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Dec 2017
Vol 14 No 4
BACK ISSUES


Keys to Blended Learning by Barbara Blackburn

By Barbara Blackburn
 



Blended Learning

Blended learning can mean different things to different people. One teacher I talked with explained it as “using technology in the classroom”, yet another described it as “incorporating technology as at least half of your instruction.” So what does it really mean?

When I taught at the university level, I used blended learning for approximately 1/3 of my instruction. Typically, I created online modules where students would explore content, then reflect on that content on shared bulleting boards. I also taught two fully online classes. What I discovered was that blended instruction was more effective, because all students could participate in their own way. The technology encouraged everyone to participate, not just my most vocal students.

Blended learning occurs when technology is at the heart of teaching and learning, and usually when it is used to customize instruction for students. There is not one standard model for teaching; blended learning can be incorporated in many ways.

Challenges of Blended Learning

There are several challenges to blended learning. The benefits can outweigh the obstacles, but they do need to be addressed. First, you must have enough technology that is useful. For example, I was in one school that wanted to focus on blended learning, but each teacher only had access to three computers in his or her classroom, all of which were running outdated software. There was one set of IPads for the school, which could be checked out from the media center. The teachers who wanted to use technology more struggled with access.

A second obstacle is a lack of training for teachers. Whether it occurs through Twitter chats, face-to-face professional development, or webinars, teachers need hands-on training as to the best uses of technology and how it can positively impact student learning. Although our students are digital natives, not all teachers are comfortable with technology.

The final challenge is choosing the right technology tools, whether it is an app or a software program, to use. Too often, we find the latest program, and decide to use it without knowing how it will mesh with our instruction. A better way to choose technology is to start with your instruction and look for ways that technology can enhance it.

Ways to Ensure Success with Blended Learning

Plan from an instructional perspective. Technology is a tool.

Be sure you have the right hardware and software to meet your students’ needs.

Participate in professional development, whether on your own or with your school, so you can be an effective blended learning teacher.

Start small and build on your successes.

Examples of Blended Learning

The most common way I have seen blended learning in the classroom is when technology is used as a station or learning center. For example, the teacher is working with half the students providing direct instruction, while the other half of the class is applying the concepts. In another classroom I visited, students were divided into thirds. One third was working on a writing project, one third was on a virtual tour online, and the final third of students was working with the teacher with guided instruction.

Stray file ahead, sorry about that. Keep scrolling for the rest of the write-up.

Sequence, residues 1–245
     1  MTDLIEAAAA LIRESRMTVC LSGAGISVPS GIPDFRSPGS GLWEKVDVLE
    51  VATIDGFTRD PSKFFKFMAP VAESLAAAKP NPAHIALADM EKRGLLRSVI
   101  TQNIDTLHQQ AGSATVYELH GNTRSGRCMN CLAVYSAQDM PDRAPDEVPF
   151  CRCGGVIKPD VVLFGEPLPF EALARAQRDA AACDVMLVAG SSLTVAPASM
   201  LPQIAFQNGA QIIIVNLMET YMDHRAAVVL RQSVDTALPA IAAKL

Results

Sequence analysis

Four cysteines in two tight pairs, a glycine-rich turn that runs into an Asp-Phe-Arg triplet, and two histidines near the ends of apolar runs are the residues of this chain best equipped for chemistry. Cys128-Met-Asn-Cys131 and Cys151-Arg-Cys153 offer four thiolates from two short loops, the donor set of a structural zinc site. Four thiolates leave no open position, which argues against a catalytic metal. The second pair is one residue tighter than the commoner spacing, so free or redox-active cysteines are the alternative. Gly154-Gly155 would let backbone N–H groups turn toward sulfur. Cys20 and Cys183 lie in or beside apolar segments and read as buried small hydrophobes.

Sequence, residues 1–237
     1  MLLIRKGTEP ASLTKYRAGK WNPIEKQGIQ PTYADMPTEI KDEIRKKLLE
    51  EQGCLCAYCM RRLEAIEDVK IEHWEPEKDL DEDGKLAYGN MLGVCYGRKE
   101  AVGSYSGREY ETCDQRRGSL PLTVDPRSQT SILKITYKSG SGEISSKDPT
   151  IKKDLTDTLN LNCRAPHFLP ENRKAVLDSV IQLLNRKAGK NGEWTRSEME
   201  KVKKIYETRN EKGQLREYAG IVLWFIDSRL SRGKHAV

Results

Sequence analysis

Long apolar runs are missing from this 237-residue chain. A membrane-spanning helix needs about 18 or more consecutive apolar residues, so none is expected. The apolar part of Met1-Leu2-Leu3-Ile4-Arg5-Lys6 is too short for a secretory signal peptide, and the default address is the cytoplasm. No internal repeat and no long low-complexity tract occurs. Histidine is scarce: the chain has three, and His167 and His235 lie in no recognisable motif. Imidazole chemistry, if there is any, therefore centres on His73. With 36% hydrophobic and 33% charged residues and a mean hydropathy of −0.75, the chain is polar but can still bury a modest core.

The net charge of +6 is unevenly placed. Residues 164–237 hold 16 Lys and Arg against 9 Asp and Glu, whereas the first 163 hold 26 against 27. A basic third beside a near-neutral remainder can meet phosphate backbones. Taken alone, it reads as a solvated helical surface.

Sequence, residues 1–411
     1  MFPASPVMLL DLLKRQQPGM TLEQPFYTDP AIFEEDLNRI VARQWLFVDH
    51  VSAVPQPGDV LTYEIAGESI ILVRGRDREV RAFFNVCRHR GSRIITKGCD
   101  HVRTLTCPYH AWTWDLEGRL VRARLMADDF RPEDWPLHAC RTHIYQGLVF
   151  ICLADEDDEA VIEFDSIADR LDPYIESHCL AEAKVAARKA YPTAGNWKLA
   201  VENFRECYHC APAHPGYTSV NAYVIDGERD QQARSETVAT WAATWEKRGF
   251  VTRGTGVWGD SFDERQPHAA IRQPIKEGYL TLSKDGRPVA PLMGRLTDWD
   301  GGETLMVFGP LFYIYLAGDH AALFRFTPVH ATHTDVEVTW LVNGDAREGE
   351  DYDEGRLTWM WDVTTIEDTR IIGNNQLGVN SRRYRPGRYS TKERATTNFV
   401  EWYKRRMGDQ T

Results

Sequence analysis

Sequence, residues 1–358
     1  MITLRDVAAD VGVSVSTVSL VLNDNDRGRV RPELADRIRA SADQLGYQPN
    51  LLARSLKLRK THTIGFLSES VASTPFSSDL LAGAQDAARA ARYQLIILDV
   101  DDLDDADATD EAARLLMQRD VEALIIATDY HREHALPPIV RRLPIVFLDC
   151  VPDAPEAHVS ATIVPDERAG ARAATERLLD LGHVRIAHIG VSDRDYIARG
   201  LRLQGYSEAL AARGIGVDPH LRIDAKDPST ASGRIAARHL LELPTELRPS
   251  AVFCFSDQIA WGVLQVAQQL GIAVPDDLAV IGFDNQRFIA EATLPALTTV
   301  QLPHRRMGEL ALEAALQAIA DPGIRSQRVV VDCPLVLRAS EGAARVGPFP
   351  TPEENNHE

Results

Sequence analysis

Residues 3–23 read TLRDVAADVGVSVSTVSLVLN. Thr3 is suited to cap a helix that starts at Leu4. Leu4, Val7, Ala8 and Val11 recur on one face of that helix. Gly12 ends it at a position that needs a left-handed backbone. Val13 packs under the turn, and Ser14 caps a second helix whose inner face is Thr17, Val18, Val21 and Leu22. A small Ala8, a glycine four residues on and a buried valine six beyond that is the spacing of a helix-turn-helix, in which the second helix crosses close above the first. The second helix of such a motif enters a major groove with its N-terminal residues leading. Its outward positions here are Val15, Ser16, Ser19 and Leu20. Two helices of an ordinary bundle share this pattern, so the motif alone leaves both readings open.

Nichole Dobo, a reporter, describes how Washington, DC teacher Valyncia Hawkins used a different approach with her students(http://hechingerreport.org/20-years-teacher-reinvents-classroom-using-technology/). On a recent day, when students arrived the first task was correcting the punctuation on two sentences projected on a smart board. Everyone gathered at the front of the room, composition books in hand, and they got to work fixing run-ons. They had four minutes to do it. Hawkins knew some students would move quicker, and her new teaching method meant she was prepared for it.

After answering correctly, students grabbed laptop computers and got to work on more challenging problems provided by online lessons that allowed them to work at their own pace. This allowed Hawkins to work with students who took longer to arrive at the right answer.

Another way I have seen blended learning in action is when the whole class is working, perhaps in pairs or small groups, in an application activity. But, as Catlin Tucker, in Blended Learning in Grades 4-12, shares in the social studies lesson below, technology can be the vehicle for the majority of the lesson.

Online, read and listen to Martin Luther King’s “I Have a Dream” speech. Has King’s dream come true?

Watch the video clip of Martin Luther King delivering his “I Have a Dream” speech at the March on Washington in 1963. Do you think Dr. King’s dream has come true? Vote yes or no in the online poll. On the bulletin board, clearly state your opinion and provide specific examples to support your position. Once you have posted your response reply thoughtfully to at least two other students. Compliment strong points, ask questions and build on ideas shared.

As Catlin explains, this assignment provides students with both the text of the speech and a video recording. Pairing the text with media makes it easy for teachers to [continued on page 2]

 

 

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This entry was posted on Friday, December 1st, 2017 and is filed under *ISSUES, Barbara Blackburn, December 2017. You can follow any responses to this entry through the RSS 2.0 feed. You can skip to the end and leave a response. Pinging is currently not allowed.
Teachers.Net Gazette Vol.14 No.4 Dec 2017
Cover Story by Barbara Blackburn
Keys to Blended Learning
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